The Whole Person Concept and ROTC
The Whole Person Concept is a holistic approach to evaluating candidates for ROTC scholarships. It means that scholarship boards take into consideration not just a scholarship applicant’s academic achievements and physical abilities, but also their character, leadership potential, and overall fit for military service.
This approach recognizes that being successful as a military officer requires more than just intelligence and physical strength, but also traits such as integrity, honesty, and the ability to work well in a team. These are all key factors that are assessed during the admission process.
Consider the Core Values
Each branch of the military has its core values that reflect the qualities they seek in their future officers. Here are the core values:
- Army core values
- Selfless service
- Personal courage
- Navy and Marine Corps core values
- Air Force core values
- Integrity First
For high school students considering applying for an ROTC scholarship, always remember that you’re striving for what comes after college—to commission as an officer.
The excitement of winning a scholarship to pay for college can keep students from focusing on the endgame: to serve Sailors, Soldiers, Marines, Airmen, and Guardians as a leader. This brings up an important point, why are you interested in an ROTC scholarship?
If cost is the primary reason, we challenge you to think past these thoughts and consider the high cost of the minimum four years of your life after college graduation and upon commissioning.
Throughout your high school career, think about the Whole Person Concept. Yes, academics and fitness are important. However, leadership and service to others are critical. Volunteering in your community, participating in team sports or activities, and practicing good decision-making skills can all help demonstrate your ability to embody the Whole Person Concept.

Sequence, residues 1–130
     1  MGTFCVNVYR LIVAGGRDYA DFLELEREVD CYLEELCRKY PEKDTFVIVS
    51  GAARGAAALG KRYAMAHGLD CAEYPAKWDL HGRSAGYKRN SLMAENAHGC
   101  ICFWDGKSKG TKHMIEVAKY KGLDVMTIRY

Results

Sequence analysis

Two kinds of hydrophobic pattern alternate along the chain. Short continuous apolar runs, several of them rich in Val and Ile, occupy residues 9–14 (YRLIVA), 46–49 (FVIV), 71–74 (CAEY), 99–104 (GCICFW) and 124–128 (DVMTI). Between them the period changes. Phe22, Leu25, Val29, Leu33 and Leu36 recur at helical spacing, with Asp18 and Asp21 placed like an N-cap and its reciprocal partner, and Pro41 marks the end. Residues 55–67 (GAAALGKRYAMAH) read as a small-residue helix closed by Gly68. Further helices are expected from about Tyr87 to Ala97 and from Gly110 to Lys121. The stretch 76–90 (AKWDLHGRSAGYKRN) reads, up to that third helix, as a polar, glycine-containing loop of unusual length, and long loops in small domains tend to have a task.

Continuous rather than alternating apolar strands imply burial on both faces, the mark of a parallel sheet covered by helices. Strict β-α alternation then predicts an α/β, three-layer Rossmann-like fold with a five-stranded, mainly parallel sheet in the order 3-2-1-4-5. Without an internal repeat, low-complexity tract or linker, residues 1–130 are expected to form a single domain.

Don’t Just Participate—Lead!
Don’t only participate, find things you’re passionate about, devote yourself to those, and stick with them long enough to lead others. Sports is a great example of this. You join a team freshman or sophomore year, and eventually rise to team captain after showing up for your teammates year after year.
However, students often don’t think about this in other aspects of their extracurriculars. They’re involved in clubs or they volunteer a few hours a week. All of these are a good start, but they don’t necessarily showcase leadership potential. If you’re interested in aviation but flying lessons aren’t within reach financially, why not start an aviation club at your school.
As President, you could set up the charter and start recruiting members. Eventually, you could have guest speakers come in and teach you and your fellow future aviators about the industry. This is just one example.
When volunteering, are you leading others in the service project? Instead of just participating in a local food drive, consider leading a group of volunteers to collect and distribute food to those in need. This demonstrates initiative, working well with others, and embodies the core values of service to others.
Ultimately, the goal of the Whole Person Concept is to ensure that ROTC graduates are not only academically and physically prepared, but also have the personal qualities necessary to lead and serve effectively in the military. Leadership is often learned. Even if you aren’t comfortable leading others, there’s no time like the present to put yourself out there and start learning those critical leadership lessons now.